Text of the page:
Portfolio committee maintains Treasury out of touch on defence


Making the South African military comply with Cabinet authorised budget and spending cuts is not in the best interests of the country’s defence capabilities, Parliament’s Portfolio Committee on Defence and Military Veterans (PCDMV) maintains.

This after Finance Minister Enoch Godongwana’s National Treasury (NT) roasted Minister Thandi Modise’s Department of Defence and Military Veterans (DoDMV) and its operating arm – the SA National Defence Force (SANDF) – in a presentation this week (Wednesday, 17 May). Among others, those responsible for holding government’s purse strings took exception to irregular expenditure, including a just on R3 billion overspend on salaries.

Reacting, PCDMV chair Cyril Xaba in a statement pointed out making the SANDF comply with NT regulations on curbing spending and budget cuts “appears to have not considered the defence force’s operational structure and requirements”. A Parliamentary Communication Services statement has him saying verbatim: “The PCDMV is of the view the decision to cap the CoE (Compensation of Employees) remains unimplementable and contributes to irregular expenditure, as to fund the shortfall the department must shift funds from operations and assets acquisition and maintenance. This impacts heavily on South Africa’s defence capabilities”.

It continues, again verbatim: “The committee is concerned about the arbitrariness of the decision, as it has started to impact negatively on the serviceability of prime mission equipment (PME), training and the general readiness of the defence force. It has a direct impact on the defence force’s ability to recruit annually for both regular and reserve force. As a consequence, it restricts its rejuvenation efforts”.

According to the statement Modise and her deputy, Thabang Makwetla, were both present and “felt” the NT directives “weakened the SANDF and put South Africa’s national security at risk”.

Xaba’s committee “welcomes prudent financial spending” with the rider that it should not result in “a shrinking defence force”. This in the light of factors including South Africa’s “increased population growth”, “the growing security threat posed by porous borders” and “regional instability”.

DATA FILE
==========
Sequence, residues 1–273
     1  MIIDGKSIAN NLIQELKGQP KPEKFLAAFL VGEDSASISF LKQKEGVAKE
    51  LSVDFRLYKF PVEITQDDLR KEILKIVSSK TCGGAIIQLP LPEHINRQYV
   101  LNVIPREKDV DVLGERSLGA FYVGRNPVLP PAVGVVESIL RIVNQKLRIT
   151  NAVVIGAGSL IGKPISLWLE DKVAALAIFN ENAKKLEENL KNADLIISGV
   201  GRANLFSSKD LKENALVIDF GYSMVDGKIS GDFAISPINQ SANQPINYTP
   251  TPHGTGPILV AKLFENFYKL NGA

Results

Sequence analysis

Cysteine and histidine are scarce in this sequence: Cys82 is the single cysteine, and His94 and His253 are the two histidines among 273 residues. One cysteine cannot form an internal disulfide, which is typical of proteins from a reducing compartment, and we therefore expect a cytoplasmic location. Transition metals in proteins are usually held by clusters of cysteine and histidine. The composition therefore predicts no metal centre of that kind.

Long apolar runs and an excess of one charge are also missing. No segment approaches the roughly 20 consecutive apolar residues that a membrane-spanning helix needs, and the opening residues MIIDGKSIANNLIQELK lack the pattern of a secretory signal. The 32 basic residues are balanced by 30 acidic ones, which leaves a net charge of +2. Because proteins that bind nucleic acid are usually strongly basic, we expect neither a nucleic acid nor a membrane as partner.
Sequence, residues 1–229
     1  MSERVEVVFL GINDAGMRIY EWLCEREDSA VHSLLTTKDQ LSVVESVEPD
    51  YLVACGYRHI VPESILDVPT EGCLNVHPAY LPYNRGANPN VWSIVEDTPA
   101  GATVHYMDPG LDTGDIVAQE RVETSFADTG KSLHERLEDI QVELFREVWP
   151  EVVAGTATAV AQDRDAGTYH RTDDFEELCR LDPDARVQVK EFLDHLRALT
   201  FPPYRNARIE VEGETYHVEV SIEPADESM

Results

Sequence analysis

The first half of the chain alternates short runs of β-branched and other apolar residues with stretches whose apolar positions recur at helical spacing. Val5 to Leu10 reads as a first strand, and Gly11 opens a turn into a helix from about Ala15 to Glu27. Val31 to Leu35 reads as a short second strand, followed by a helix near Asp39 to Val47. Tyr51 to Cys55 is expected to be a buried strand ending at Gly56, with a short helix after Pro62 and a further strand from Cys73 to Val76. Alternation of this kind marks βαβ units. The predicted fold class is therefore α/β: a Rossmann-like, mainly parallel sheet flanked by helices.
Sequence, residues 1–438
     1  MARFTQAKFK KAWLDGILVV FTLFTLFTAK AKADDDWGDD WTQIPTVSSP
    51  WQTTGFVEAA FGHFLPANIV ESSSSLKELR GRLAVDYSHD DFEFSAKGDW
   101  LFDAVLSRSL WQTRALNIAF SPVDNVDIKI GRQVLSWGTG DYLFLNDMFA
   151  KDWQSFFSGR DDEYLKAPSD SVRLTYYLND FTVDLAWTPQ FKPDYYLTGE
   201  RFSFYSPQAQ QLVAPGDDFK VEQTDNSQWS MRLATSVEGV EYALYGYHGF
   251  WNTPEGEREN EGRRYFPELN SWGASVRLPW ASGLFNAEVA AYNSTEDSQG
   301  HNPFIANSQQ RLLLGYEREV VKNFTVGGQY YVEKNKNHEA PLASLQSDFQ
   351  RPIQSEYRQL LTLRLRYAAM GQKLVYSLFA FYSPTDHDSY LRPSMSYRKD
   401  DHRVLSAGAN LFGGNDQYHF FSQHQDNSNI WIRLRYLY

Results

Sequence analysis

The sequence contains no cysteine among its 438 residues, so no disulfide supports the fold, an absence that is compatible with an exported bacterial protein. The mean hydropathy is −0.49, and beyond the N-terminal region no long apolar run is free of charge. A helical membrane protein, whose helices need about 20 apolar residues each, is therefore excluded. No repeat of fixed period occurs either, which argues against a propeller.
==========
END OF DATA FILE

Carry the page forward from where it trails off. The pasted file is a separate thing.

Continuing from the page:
NT recommendations on “optimising internal spending” include staging Armed Forces Day (AFD) once every two years; “reconsidering the number of costly parades for promotions”; re-evaluating the continued maintenance of 44 attaché offices (which costs R320 million a year) and cutting travel spend, which amounts to R1.5 billion annually.

NT further recommended the SANDF manage overtime spending and other discretionary allowances; rationalise certain functions in corporate services such as avoiding duplication of functions like finance; dispose of assets that can generate revenue; and merge Armscor and Denel to save costs on corporate services.

As one outcome, the PCDMV recommends the DoD and NT “engage to find feasible ways of dealing with severe irregular expenditure and unsustainability of the CoE cap”. Both are to report back to the PCDMV in the third quarter.

Another outcome is the PCDMV meeting with NT on an as yet not scheduled date “to discuss the impact of budgetary constraints on PME and budget constraints”.

The PCDMV statement was issued a day after Democratic Alliance (DA) shadow defence and military veterans minister Kobus Marais came out with guns blazing against the apparent lack of control over SANDF spending.

The defence budget is shrinking in real terms, going from R54 billion in 2020/21 (bumped up then thanks to additional COVID-19 related interventions) to R48 billion in 2021/22; R54 billion in 2022/23 (including R2.9 billion not appropriated); and R51 billion in 2023/24. For 2024/25, R51 billion is allocated and in 2025/26 R53 billion has been allocated, insufficient to keep pace with inflation.

Although the SANDF has reduced personnel numbers by 2 833 between April 2022 and March 2023 (down to a total of 69 358), NT maintains it has not seen a “discernible impact on CoE”, partly because the SANDF is spending money on implementing its exit mechanism. R1.8 billion was allocated last year for the Mobility Exit Mechanism (MEM) over the next three years.